Because of the way the organization works with a chief that completely adores the girls, they pretty much get away with everything and even Koichi gets caught up in it early on. So much so that the trio end up living with him without him being asked which leads to complications but also some exploration of who Koichi is. Koichi’s past certainly is one that makes him a bit easier to understand with him being similar to them but in a different way. While their powers have kept them on the outside and unable to go to school, Koichi was a gifted young man and was advanced quickly and kept out of a normal life because of it. It certainly makes him more sympathetic and then makes it clear why he bonds with them more.

The series in its first half of this collection runs through the near slapstick wacky series of events that you’d expect in order to show off the characters and how it wants to approach the relationships and get everyone under one roof. At that point I had practically written the show off because of what it was doing and the whole ten year old girl angle. What managed to salvage it some is that it started to introduce a larger storyline involving a young man named Hyobu who is watching them and who turns out to really be a psychic that has stopped his aging process. At eighty years old, he looks like he’s in high school and is intent on being the superior species by taking one of the girls, Kaoru, as his queen when she’s ready to accept how strong her powers are. He’s running a larger game here that we see some mild threads of in these first episodes, but the fun is in watching how much more advanced of a psychic he is and what he’s capable of.

But the main problem I kept running into with the show are the three leads themselves. Precocious children indeed, but they’re just problematic across the board though their personalities do soften as time goes on. Their personalities in the first half grate, but they do settle once things with Koichi progresses and they find each other. Where it really becomes a problem though is that with Kaoru being so blunt with her “adult” interests at times and the jokes they make it gets awkward. There are always kids that are advanced, but it’s just bad with them like this since you know they wouldn’t truly understand what they’re saying. To make it even worse, Hyobu uses hypnosis on Koichi at one point that causes him to have a trigger word that sees (and hears) them being young adult women with all that it entails. It’s not his fault and they’re not really saying it or posing in these ways, but the hyper-sexualization of them is just wrong, wrong wrong.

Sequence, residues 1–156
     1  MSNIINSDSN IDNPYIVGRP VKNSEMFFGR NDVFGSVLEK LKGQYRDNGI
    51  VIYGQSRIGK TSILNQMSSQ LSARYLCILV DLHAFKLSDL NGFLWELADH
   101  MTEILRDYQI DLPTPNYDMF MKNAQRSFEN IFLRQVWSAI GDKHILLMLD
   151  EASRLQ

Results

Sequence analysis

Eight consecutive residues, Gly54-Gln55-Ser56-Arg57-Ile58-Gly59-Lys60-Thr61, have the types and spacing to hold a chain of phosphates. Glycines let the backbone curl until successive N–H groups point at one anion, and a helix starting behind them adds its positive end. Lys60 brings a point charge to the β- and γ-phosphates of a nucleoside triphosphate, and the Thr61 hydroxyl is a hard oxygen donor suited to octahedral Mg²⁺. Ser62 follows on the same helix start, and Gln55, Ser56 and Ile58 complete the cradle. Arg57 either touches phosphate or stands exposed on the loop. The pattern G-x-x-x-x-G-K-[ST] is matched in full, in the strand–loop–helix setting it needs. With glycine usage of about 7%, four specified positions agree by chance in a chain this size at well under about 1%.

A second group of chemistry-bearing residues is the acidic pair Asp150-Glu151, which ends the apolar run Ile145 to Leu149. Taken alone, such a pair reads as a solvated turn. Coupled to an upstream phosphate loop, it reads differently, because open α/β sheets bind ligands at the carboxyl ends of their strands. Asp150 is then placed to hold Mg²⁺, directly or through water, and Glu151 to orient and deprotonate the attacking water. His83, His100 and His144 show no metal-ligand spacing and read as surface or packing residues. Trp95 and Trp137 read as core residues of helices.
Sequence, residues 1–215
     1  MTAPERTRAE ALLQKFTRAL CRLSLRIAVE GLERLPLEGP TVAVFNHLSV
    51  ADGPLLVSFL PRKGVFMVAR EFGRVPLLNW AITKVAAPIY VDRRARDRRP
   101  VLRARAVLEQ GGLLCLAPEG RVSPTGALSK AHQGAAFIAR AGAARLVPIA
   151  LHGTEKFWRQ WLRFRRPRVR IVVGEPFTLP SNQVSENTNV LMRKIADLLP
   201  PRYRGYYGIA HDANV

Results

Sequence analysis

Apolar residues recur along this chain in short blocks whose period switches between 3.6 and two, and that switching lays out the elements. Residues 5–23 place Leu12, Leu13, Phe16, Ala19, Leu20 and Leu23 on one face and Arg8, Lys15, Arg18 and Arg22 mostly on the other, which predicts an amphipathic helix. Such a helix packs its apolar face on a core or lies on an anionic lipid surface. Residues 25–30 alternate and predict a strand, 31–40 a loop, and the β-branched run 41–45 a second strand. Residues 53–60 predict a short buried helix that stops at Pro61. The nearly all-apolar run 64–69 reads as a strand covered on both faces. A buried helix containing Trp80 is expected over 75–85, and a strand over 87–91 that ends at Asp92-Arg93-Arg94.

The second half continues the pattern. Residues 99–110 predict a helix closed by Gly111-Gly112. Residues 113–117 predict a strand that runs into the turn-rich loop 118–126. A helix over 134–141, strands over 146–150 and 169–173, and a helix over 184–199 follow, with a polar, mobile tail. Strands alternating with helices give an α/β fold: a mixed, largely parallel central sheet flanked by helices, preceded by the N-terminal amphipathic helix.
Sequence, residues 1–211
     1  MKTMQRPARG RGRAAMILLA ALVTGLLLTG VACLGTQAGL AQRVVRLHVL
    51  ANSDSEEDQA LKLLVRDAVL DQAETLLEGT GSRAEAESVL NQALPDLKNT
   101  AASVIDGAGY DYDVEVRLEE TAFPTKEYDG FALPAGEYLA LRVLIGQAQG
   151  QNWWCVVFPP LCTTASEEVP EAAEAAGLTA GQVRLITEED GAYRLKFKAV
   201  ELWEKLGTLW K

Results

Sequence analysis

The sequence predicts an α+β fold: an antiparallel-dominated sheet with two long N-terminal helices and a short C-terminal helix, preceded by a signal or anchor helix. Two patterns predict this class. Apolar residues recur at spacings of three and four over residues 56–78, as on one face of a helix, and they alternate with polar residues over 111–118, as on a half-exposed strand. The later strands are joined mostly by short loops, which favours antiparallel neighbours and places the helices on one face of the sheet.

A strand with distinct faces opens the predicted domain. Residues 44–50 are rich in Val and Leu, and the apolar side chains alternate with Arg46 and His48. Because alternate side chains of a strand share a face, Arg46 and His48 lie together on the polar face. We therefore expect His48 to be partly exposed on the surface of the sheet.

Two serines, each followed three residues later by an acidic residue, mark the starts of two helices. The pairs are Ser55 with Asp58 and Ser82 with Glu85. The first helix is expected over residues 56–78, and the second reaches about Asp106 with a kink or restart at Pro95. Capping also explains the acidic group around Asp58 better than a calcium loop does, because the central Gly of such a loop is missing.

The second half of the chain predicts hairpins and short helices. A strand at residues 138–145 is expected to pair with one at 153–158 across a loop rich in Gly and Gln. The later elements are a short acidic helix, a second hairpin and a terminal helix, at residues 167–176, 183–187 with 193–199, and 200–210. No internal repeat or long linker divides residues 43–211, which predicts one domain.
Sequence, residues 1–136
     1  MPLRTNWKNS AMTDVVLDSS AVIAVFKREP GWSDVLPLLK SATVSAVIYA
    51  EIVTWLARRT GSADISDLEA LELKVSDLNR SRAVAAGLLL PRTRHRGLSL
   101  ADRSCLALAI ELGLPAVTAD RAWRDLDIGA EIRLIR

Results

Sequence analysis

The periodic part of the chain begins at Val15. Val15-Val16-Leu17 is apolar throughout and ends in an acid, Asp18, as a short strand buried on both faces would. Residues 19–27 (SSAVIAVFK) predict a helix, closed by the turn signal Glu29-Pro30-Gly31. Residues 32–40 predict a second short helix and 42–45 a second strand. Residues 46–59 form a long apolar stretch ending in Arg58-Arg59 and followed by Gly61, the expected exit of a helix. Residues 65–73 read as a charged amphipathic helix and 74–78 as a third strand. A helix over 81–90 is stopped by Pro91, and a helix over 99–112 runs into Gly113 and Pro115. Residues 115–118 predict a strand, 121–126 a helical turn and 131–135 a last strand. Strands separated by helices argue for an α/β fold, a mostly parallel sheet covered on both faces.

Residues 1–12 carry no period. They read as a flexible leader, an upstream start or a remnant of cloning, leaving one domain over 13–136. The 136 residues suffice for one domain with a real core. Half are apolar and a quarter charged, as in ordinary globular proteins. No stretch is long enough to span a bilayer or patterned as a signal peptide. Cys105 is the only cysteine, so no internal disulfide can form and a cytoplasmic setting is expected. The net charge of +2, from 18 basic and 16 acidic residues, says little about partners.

In Summary:
With this being the first quarter of the series, it’s something that I’m hesitant to completely call out for what it is, especially since things do shift gears a fair bit halfway through here. It does have its problems, some big problems in terms of perception and pandering, The series is also one that doesn’t stretch itself visually and feels like a real throwback to late 80’s and early 90’s shows but with a cleaner palette to it simply because color design is easier to do now with things standing out. Psychic Squad didn’t endear itself to me in the first half here and it started to work a bit better as it went on but it still has its share of problems that bother me a lot.

Features:
Japanese 2.0 Language, English Subtitles, Clean Opening, Clean Closing, Sponsor Bumpers

Content Grade: C
Audio Grade: B
Video Grade: B
Packaging Grade: B
Menu Grade: B
Extras Grade: B-

Released By: Sentai Filmworks
Release Date: May 1st, 2012
MSRP: $49.98
Running Time: 325 Minutes
Video Encoding: 480i/p MPEG-2
Aspect Ratio: 1.78:1 Anamorphic Widescreen

Review Equipment:
Sony KDS-R70XBR2 70″ LCoS 1080P HDTV, Sony PlayStation3 Blu-ray player via HDMI set to 1080p, Onkyo TX-SR605 Receiver and Panasonic SB-TP20S Multi-Channel Speaker System With 100-Watt Subwoofer.